If you’re interested in learning more on the Black experience in these Ununited States, you may find the beginnings of what you’re looking for here.

Organizations

Atlanta Solidarity Fund
Bail Project
Black Lives Matter
[https://twitter.com/Blklivesmatter?ref_src=twsrc^google|twcamp^serp|twgr^author|@blklivesmatter]
Black Visions Collective
Campaign Zero
[https://twitter.com/civilrightsorg?ref_src=twsrc^google|twcamp^serp|twgr^author|@civilrightsorg]
[https://twitter.com/ColorOfChange?ref_src=twsrc^google|twcamp^serp|twgr^author|@colorofchange]
Common Good
[https://twitter.com/ethelsclub?ref_src=twsrc^google|twcamp^serp|twgr^author|@ethelsclub]
George Floyd Memorial Fund
The Innocence Project
Justice For Breonna
Lorde's Werq
Minnesota Freedom Fund
National Association for the Advancement of Colored People
National Bail Fund Network
National Bail Out
No White Saviours
@reclaimtheblock
Run With Maud
Showing Up for Racial Justice
Southern Fried Queer Pride
Solutions Not Punishment Coalition
Southerners on New Ground
SPARK Reproductive Justice Now
[https://twitter.com/UNITEDWEDREAM?ref_src=twsrc^google|twcamp^serp|twgr^author|@unitedwedream]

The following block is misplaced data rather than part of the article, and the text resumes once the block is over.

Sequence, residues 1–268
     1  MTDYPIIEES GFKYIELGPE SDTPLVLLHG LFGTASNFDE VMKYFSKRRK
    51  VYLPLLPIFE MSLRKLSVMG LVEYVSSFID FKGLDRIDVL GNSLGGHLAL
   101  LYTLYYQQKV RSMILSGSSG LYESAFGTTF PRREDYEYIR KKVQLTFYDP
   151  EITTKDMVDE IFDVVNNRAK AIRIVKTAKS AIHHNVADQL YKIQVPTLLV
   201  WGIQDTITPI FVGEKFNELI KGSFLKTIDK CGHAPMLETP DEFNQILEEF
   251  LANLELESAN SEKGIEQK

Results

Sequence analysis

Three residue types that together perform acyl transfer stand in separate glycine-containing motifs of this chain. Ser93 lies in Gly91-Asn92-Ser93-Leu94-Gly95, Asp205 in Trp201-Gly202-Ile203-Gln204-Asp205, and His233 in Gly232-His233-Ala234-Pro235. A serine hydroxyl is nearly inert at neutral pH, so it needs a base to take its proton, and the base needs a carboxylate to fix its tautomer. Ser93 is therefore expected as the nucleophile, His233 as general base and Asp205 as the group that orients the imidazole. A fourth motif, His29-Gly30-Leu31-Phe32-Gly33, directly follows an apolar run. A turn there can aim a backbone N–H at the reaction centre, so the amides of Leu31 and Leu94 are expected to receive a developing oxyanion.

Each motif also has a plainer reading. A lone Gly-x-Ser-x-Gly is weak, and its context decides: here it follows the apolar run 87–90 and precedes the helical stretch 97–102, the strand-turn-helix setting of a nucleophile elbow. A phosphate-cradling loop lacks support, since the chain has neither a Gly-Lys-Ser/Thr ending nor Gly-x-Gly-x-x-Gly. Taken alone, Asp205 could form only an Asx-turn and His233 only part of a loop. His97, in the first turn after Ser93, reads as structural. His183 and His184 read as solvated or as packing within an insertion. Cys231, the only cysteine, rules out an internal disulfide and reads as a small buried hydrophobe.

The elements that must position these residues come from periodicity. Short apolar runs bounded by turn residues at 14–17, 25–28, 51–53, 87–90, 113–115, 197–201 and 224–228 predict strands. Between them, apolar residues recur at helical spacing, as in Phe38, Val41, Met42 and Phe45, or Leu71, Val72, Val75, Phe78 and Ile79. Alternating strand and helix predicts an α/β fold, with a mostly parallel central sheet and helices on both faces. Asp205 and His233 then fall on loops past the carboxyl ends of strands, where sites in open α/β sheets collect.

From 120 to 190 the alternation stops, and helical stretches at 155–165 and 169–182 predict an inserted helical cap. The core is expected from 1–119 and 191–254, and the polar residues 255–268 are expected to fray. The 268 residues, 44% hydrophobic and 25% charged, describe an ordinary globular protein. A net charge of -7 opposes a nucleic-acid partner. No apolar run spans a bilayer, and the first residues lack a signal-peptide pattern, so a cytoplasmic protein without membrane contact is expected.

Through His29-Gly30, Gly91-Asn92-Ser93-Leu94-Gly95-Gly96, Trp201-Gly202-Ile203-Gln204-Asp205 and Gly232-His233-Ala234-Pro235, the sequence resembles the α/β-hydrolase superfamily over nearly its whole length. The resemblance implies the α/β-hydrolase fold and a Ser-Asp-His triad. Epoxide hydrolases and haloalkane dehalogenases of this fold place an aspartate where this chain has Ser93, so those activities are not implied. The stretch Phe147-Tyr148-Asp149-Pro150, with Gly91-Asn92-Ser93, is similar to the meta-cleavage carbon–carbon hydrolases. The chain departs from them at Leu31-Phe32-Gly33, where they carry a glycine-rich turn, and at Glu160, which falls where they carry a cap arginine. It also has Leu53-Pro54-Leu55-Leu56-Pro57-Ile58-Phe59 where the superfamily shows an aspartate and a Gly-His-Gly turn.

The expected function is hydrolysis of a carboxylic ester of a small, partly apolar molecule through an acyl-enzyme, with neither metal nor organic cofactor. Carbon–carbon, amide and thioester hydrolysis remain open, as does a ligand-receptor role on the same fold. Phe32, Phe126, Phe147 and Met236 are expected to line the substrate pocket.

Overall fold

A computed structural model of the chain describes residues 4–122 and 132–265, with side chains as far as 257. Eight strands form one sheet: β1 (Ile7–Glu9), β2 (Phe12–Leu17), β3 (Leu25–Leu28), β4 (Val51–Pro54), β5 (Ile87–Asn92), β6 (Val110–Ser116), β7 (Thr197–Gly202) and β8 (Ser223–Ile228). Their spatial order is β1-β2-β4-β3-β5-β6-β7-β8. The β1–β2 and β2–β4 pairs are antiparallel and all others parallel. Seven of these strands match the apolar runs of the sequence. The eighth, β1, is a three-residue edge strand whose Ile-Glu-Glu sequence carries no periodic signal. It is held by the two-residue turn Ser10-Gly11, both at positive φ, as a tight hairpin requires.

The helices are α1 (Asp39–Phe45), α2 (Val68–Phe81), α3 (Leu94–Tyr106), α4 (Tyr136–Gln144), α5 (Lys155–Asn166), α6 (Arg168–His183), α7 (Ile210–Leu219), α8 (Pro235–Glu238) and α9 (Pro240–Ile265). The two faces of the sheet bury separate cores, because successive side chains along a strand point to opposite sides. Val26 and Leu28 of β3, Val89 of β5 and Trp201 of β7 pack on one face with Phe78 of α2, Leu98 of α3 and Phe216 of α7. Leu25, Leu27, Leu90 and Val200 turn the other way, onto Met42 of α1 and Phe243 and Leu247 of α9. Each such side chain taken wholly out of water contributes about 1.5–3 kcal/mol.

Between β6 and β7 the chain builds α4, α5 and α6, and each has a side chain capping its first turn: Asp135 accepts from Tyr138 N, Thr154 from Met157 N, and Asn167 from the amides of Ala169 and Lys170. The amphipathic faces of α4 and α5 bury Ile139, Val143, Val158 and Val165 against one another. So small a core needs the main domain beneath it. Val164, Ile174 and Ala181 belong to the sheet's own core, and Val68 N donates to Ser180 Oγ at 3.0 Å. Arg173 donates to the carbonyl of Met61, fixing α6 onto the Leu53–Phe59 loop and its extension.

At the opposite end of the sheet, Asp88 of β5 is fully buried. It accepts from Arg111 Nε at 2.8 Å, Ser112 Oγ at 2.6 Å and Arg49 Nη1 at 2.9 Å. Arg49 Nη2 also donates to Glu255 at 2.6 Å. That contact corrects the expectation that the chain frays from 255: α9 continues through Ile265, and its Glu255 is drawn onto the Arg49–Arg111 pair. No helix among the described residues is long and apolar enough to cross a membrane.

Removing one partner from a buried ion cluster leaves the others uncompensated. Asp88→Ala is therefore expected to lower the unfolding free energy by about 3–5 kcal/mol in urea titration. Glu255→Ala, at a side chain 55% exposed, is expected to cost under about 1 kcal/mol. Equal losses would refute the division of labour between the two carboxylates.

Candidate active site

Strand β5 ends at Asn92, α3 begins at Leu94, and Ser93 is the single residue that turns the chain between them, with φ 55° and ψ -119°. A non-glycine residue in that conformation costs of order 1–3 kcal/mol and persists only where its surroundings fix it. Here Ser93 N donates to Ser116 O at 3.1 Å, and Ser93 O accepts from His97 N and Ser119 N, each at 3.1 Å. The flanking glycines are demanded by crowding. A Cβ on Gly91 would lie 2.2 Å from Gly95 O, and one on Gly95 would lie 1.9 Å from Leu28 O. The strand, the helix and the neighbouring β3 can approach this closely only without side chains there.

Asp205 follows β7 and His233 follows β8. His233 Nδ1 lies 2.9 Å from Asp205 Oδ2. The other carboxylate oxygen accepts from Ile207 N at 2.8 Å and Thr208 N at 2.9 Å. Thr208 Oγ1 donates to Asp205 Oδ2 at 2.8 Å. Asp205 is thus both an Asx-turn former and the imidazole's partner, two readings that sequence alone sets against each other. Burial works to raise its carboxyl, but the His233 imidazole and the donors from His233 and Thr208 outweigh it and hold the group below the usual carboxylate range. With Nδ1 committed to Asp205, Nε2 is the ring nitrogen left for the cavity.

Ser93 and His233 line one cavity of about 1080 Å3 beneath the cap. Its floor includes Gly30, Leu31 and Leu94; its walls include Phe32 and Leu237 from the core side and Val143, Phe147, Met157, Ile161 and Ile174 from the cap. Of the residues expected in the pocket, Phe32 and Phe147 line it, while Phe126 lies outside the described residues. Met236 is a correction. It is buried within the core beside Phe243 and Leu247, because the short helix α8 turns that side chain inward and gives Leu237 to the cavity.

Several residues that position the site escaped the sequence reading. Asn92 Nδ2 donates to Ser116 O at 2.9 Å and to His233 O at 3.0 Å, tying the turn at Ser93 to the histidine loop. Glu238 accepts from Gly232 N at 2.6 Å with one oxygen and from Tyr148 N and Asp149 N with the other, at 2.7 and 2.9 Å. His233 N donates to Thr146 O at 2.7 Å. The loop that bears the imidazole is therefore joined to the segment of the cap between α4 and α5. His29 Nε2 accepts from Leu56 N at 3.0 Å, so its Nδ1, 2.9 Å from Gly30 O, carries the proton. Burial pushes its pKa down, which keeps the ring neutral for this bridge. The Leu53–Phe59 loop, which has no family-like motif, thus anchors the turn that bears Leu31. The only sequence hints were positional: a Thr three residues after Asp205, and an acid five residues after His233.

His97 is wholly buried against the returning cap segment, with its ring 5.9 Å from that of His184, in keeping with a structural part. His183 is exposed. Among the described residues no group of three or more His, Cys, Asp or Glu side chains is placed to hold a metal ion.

Film

"3-1/2 Minutes. Ten Bullets" A dissection of the shooting death of 17 year-old Jordan Davis by Michael Dunn in Jacksonville, Florida on Black Friday, 2012.
"13th" - Explores the history of the U.S. penal system and racial inequality.
"Do Not Resist" — A look at the current state of policing in America with a glimpse into the future.
"The House I Live In" — America’s ‘war on drugs’ is actually not about drugs at all.
"I Am Not Your Negro" — A timely civil rights documentary inspired by James Baldwin’s notes and letters of the mid-1970s.
"Quest" — An intimate chronicle of an American family in Philadelphia that spans eight years.
"We Are The Giant" — Six extraordinary individuals who grapple with the dilemma at the heart of struggles for justice and freedom.

Books

"A Testament of Hope - The Essential Writings and Speeches" — Dr. Martin Luther King Jr.
"Americanah" — Chimamanda Ngozi Adichie
"The Autobiography of Malcolm X: As Told to Alex Haley" — Alex Haley, Malcolm X, and Attallah Shabazz
"Basquiat: A Quick Killing in Art"— Phoebe Hoban
"For Now" — Rachel Cargle
“Freedom is a Constant Struggle” — Angela Y. Davis